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“Human-Like Learning and Memory Seen in Nanowire Networks”


Image of a nanowire network (left), network trajectories changing and strengthening (right). Credit: Alon Loeffler

An international team led by scientists at the University of Sydney has shown that networks of nanowires can project both short and long-term memory like the human brain.

The research was published today in the journal Science advancesLed by Dr. Alon Loeffler, Ph.D. in the Faculty of Physics, with collaborators in Japan.

“We found in this research that higher-order cognitive function, which we normally associate with the human brain, can be simulated in non-biological devices,” said Dr. Loeffler.

“This work builds on our previous research in which we showed how nanotechnology can be used to build a brain-inspired electrical device with neural network-like circuits and synapse-like signals.

“Our current work paves the way toward replication of brain-like learning and memory in non-biological hardware systems and suggests that the underlying nature of brain-like intelligence may be physical.”

Nanowire networks are a type of nanotechnology usually made of very fine silver wires that are invisible to the naked eye, covered with a plastic material, and spread across each other like a net. The wires mimic aspects of the interconnected physical structure of the human brain.

Nanowire networks learn and remember like the human brain

Neural network (left) and nanowire network (right). Credit: Loeffler et al.

Advances in nanowire networks could hold promise for many real-world applications, such as improving robots or sensors that need to make quick decisions in unpredictable environments.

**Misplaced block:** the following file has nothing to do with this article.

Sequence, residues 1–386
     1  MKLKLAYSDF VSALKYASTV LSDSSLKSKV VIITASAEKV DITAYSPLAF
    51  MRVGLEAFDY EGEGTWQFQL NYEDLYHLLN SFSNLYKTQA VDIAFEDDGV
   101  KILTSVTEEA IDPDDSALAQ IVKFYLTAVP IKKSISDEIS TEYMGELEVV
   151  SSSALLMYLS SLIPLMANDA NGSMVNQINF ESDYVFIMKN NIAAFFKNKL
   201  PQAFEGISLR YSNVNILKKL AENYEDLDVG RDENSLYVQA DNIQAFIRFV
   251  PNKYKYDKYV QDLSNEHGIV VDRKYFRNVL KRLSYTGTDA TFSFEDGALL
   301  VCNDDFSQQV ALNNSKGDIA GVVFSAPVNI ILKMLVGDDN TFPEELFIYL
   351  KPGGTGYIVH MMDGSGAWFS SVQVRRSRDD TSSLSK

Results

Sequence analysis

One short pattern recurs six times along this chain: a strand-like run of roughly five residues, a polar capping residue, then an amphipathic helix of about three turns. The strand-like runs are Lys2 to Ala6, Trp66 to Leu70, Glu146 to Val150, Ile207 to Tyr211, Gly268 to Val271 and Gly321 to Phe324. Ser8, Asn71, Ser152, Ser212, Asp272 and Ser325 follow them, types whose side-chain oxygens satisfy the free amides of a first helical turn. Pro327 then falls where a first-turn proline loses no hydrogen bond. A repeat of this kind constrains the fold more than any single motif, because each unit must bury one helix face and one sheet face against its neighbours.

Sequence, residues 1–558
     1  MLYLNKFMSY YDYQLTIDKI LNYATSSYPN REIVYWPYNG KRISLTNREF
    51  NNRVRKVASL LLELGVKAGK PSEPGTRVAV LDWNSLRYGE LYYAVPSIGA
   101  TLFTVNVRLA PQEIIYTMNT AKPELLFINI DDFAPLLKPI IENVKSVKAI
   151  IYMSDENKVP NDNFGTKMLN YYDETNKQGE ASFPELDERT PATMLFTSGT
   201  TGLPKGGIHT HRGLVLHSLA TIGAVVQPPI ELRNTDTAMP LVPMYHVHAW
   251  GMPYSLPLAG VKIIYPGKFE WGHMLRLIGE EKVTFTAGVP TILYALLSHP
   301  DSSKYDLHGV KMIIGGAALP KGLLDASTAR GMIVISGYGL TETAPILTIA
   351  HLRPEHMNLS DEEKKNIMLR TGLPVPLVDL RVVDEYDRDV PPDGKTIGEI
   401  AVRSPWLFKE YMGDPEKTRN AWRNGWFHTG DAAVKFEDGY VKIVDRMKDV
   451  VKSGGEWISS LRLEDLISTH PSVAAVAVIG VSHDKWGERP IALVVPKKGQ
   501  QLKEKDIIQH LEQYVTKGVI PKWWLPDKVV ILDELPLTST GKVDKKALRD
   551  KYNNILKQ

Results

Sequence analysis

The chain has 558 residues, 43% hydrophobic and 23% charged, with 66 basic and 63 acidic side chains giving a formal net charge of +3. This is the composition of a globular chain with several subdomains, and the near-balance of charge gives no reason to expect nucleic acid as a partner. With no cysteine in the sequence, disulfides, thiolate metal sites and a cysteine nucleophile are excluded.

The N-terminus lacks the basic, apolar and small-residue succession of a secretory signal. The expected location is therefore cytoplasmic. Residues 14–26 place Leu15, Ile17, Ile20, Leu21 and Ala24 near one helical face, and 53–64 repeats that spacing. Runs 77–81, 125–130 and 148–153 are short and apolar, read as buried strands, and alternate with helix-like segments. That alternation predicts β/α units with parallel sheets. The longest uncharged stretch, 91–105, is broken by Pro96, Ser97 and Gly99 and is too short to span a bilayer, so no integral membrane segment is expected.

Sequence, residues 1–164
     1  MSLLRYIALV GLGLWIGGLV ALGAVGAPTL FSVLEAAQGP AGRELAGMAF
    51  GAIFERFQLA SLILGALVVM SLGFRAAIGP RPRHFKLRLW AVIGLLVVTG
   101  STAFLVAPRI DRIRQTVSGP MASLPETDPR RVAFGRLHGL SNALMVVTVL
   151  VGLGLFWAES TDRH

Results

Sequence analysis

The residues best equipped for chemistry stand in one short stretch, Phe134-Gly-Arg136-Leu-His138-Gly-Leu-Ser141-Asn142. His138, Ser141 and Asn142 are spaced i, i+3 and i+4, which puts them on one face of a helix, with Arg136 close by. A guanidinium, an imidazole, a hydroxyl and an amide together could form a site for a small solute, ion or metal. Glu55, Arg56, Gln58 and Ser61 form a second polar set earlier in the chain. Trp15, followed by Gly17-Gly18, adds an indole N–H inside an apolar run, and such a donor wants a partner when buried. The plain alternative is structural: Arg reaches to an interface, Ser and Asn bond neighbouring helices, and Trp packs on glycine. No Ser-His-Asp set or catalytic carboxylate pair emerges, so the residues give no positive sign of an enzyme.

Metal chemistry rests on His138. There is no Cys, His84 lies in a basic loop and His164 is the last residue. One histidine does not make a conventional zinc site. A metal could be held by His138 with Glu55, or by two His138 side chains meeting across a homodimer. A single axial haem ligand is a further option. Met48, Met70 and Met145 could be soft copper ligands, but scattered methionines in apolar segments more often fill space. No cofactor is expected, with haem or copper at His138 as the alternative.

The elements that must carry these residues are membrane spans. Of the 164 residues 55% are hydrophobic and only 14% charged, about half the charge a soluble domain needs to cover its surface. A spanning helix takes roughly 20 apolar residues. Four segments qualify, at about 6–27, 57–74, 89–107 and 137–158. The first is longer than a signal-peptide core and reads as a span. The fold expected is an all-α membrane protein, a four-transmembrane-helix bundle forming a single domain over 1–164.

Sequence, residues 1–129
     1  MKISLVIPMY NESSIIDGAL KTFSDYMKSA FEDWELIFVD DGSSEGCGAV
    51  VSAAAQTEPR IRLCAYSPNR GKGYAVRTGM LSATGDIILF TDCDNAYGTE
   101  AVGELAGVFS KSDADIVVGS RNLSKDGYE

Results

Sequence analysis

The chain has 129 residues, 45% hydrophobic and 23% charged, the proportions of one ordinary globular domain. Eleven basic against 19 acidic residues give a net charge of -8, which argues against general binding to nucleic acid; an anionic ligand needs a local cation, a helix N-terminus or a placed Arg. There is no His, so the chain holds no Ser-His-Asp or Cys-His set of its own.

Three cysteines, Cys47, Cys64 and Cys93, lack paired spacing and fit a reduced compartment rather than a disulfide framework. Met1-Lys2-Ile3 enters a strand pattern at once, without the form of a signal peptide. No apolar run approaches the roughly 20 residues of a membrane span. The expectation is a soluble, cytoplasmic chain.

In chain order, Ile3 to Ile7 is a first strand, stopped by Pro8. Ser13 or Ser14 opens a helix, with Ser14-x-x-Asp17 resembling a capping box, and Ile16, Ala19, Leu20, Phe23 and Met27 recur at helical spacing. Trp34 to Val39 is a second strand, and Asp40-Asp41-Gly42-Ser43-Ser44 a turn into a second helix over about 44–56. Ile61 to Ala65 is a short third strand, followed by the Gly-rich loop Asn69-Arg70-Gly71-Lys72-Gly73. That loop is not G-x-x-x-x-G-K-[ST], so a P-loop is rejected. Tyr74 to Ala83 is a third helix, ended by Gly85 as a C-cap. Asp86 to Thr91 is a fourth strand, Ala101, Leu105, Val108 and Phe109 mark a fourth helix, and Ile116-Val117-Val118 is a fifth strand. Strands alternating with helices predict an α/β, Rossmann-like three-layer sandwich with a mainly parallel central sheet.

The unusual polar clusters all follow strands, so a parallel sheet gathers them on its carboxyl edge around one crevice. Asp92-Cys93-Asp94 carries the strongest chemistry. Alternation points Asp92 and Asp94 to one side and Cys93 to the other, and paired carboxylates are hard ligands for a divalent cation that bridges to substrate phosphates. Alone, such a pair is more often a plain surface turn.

“This nanowire network is similar to an artificial neural network because the nanowires act like neurons, and the places where they connect to each other are similar to synapses,” said Professor Zdenka Koncic, senior researcher in the School of Physics.

“Instead of carrying out some kind of machine learning task, in this study Dr. Loeffler took it one step further and tried to prove that nanowire networks display some type of cognitive function.”

To test the capabilities of the nanowire network, the researchers gave it a test similar to a common memory task used in human psychology experiments, called the N-Back task.

For one person, an N-Back task might involve remembering a specific picture of a cat from a series of cat pictures shown in a sequence. An N-Back score of 7, which is the average for people, indicates that a person can recognize the same image shown seven steps back.

When applied to the nanowire network, the researchers found that it could “remember” the desired endpoint in an electrical circuit seven steps back, which would mean a score of 7 on the N-Back test.

Nanowire paths change and strengthen over time. Credit: Dr. Alon Loeffler

“What we’ve done here is manipulated the voltage of the end electrodes to force the trajectories to change, rather than letting the network do its own thing. We forced the trajectories to go where we want them to go,” said Dr. Loeffler.

“When we did that, its memory was much higher than the resolution and didn’t really degrade over time, which suggests we found a way to harden the paths to push them towards where we want them, and then the network remembers them.

“Neuroscientists believe that this is how the brain works, some synaptic connections are strengthened while others are weakened, and it is believed that this is how we preferentially remember certain things, how we learn and so on.”

When the nanowire network is constantly reinforced, the researchers said, it reaches a point where that reinforcement is no longer needed because the information is being consolidated into memory.

“It’s kind of the difference between long-term memory and short-term memory in our brains,” said Professor Koncic.

“If we want to remember something for a long period of time, we really need to keep training our brains to consolidate that, otherwise it just kind of fades away over time.

“One task showed that a nanowire network can store up to seven items in memory at levels far above chance levels without reinforcement training and with near-perfect accuracy with reinforcement training.”

more information:
Elon Loeffler et al., Neural Learning, Working Memory, and Metaplasticity in Nanowire Networks, Science advances (2023). DOI: 10.1126/sciadv.adg3289. www.science.org/doi/10.1126/sciadv.adg3289

Provided by the University of Sydney

the quote: Nanowire Networks Learn and Remember Like the Human Brain (2023, April 21) Retrieved April 21, 2023 from https://phys.org/news/2023-04-nanowire-networks-human-brain.html

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